The Government Might Install A Retractable Roof Over Valletta's Open-Air Theatre
The site has become a nuisance for locals and is being under-utilised by artists
Cover photo: Alcuin TK Lai
The government is mulling over the idea of installing a retractable roof onto the Royal Opera House (Pjazza Teatru Rjal) just a few years after architect Renzo Piano controversially designed the open-air theatre to be included in the new entrance to Valletta, the Times of Malta has reported.
Justice and Culture Minister Owen Bonnici has announced that a decision to include some form of roofing to the Royal Opera House would be coming over the next few days, saying that whatever decision was made would be in sympathy with Renzo Piano's plans.
“This discussion process will be initiated, we will listen to the public and experts, and we will take a decision which respects its surroundings whilst not ignoring requests for a solution," he said.
The decision to build a roof for the roofless Opera House is being considered due to the impact the open-air performance space is having on local residents, with the Culture minister saying he receives daily complaints, including from the elderly and the sick, about the music and the noice coming from the performance space.
Adding to this, Prime Minister Joseph Muscat has also said that the current design is limiting artists from utilising the Royal Opera House fully. It is hoped that a roof could address these issues.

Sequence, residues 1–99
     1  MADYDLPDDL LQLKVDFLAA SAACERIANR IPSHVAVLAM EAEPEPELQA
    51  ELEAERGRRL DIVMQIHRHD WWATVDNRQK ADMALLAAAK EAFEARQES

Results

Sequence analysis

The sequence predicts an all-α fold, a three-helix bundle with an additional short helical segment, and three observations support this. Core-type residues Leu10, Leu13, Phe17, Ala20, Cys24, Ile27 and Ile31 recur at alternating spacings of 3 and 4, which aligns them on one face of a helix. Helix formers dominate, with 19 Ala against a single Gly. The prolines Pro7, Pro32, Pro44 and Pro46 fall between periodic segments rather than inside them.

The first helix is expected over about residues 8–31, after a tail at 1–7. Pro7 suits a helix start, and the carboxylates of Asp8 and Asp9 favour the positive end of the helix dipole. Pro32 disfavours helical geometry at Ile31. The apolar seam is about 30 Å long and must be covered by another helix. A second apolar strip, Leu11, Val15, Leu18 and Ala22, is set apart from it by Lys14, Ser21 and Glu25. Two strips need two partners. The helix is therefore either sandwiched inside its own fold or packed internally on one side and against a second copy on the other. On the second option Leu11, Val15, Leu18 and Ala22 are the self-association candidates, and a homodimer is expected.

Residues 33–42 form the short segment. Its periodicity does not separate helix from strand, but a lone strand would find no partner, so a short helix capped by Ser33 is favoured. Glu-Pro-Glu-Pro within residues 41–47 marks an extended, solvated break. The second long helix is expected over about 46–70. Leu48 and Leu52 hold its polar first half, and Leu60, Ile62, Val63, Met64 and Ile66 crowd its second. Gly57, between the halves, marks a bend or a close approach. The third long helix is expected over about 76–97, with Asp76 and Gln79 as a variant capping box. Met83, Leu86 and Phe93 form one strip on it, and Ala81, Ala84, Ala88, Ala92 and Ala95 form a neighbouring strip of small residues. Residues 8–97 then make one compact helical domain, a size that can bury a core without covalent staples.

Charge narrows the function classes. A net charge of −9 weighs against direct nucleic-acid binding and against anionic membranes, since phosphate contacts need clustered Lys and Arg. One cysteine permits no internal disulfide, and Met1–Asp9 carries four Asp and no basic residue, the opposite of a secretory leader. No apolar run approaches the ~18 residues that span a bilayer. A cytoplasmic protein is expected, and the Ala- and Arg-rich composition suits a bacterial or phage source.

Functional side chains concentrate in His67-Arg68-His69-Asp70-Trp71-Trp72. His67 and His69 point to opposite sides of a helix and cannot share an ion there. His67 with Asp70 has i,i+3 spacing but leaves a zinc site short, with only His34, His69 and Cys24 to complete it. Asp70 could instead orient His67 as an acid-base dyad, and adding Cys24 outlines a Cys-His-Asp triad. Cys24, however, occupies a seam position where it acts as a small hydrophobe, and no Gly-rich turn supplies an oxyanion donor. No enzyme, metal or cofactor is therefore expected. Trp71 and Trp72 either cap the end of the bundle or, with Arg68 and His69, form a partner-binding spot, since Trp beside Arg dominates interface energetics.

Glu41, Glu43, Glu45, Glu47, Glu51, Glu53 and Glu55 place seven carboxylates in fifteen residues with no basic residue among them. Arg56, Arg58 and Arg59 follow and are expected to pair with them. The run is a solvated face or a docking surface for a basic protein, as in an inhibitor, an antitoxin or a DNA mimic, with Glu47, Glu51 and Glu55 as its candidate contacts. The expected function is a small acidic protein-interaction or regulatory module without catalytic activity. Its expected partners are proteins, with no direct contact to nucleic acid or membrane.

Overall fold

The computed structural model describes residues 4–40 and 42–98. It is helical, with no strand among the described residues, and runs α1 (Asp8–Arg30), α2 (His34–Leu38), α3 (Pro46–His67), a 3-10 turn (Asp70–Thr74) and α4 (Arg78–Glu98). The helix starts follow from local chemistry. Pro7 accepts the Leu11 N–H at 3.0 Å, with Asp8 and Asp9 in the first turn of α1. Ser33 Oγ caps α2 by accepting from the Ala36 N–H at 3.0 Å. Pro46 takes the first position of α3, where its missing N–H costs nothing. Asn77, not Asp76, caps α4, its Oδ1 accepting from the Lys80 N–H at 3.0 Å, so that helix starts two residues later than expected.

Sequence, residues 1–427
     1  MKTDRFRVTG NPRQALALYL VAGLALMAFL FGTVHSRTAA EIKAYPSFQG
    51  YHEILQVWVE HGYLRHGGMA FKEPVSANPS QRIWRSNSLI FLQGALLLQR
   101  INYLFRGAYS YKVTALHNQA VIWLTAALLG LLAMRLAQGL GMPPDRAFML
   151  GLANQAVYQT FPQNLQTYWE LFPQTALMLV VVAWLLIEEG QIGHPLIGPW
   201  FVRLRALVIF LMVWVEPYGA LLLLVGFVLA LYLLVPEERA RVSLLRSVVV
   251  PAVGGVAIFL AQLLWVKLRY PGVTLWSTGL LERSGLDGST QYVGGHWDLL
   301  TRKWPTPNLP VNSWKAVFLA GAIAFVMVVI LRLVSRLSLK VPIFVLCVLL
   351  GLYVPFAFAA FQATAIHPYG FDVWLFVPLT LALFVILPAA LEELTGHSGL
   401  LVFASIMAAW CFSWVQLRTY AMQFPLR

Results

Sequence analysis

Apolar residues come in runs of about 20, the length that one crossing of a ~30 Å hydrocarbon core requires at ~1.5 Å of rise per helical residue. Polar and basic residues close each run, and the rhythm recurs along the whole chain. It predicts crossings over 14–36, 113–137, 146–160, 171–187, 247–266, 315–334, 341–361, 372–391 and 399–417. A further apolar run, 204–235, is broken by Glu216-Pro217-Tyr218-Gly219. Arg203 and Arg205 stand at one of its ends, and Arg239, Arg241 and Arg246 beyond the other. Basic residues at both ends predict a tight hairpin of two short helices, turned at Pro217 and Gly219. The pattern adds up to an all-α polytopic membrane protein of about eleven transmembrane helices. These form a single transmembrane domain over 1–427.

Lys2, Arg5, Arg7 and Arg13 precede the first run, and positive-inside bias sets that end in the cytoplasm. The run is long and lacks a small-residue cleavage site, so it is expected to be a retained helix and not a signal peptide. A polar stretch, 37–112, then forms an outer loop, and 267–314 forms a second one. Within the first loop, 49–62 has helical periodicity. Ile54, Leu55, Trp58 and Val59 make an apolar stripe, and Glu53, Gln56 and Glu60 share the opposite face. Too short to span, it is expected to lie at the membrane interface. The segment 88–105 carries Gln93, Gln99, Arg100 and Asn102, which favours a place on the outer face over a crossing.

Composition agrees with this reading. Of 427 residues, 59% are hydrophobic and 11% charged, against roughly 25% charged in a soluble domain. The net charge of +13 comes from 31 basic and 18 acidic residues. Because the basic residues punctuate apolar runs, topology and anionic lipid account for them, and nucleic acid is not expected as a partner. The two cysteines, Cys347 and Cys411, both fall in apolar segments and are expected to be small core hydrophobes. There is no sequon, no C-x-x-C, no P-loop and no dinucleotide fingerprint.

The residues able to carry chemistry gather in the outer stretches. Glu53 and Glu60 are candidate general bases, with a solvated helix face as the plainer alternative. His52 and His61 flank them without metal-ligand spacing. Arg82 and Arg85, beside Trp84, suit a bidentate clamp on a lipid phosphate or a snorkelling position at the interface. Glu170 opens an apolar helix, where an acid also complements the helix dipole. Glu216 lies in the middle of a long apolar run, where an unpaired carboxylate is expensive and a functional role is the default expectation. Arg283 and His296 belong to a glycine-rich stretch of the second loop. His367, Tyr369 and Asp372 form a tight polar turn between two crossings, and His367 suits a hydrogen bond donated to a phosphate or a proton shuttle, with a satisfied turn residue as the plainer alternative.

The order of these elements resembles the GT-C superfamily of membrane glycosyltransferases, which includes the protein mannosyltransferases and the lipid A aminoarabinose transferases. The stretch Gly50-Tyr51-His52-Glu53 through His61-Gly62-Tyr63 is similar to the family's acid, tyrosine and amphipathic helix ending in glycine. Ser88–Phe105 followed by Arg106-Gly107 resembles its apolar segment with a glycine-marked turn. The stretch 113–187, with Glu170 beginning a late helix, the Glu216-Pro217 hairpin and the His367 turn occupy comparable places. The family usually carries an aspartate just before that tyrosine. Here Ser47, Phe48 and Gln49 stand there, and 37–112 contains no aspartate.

However, there could be difficulties in building a roof after the fact, especially in a way that is in sympathy with the surroundings and would blend in well with the city's aesthetics.
The open-air theatre had a rocky reception from the start. Back in 2010, 128 Maltese artists had submitted a petition criticising the idea of turning the famous Royal Opera House space into a roofless theatre.
Though the government went ahead with Renzo Piano's plans, Joseph Muscat himself had brought up the idea of installing a roof just last year during the election campaign.
"My information is that the roof wasn't built because the previous administration did not have funds for it. We are looking at the vaults underground - we will see if it's culturally and environmentally possible," Joseph Muscat had said in 2017.